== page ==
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Let's dissect this piece of code: the first 3 lines contain the definition of a subroutine called "is-even". It expects a single argument $number, and returns either False or True depending on whether the given value is even or not.

The fourth line defines (my) and initializes (=) an array called @whole with the numbers 1 through 10.

The fifth line defines (my) and initializes (=) an array called @even with the result of calling the method grep (with the subroutine even as the argument) on the @whole array.

The sixth line shows the contents of the @even array.

So what should we learn about Raku from this example?

  • subroutines are made with sub
  • variables with a single value have a $ prefix (usually referred to as a sigil)
  • values are returned with return from a subroutine
  • arrays have a @ prefix (sigil)
  • calling a method is done by placing a period . between object and method name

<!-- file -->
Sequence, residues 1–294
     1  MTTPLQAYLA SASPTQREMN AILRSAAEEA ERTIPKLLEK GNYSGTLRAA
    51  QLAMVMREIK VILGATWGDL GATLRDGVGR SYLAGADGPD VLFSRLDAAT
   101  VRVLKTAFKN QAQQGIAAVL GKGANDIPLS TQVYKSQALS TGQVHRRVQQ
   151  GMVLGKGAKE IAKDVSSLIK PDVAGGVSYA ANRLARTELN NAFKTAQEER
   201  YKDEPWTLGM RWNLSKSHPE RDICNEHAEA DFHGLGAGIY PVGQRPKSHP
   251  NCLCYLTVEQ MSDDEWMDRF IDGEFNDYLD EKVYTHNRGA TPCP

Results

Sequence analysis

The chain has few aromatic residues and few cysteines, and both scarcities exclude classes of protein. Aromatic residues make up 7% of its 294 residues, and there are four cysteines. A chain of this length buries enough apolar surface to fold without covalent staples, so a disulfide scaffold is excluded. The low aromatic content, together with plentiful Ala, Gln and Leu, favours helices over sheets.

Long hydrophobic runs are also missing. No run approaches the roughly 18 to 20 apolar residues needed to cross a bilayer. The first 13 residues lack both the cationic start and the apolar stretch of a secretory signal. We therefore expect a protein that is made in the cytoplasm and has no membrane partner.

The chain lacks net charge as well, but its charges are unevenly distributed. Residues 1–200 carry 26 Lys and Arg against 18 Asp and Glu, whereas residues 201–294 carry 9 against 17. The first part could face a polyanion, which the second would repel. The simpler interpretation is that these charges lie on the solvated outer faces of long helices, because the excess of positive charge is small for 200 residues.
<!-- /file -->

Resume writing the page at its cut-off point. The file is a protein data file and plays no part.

• a subroutine can be referred to by prefixing its name with & (sigil)

First simplification

However, that seems like a lot of code to obtain the simple answer to the question: "Show the even numbers between 1 and 10 inclusive". So let's start by simplifying this code:

sub is-even($number) { $number %% 2 }  # return not needed
say (1..10).grep(&is-even);            # also works on ranges
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Note that we removed the return from the subroutine declaration. By default, the last expression evaluated in any block of code (recognizable by the curly braces { }) will be returned automatically.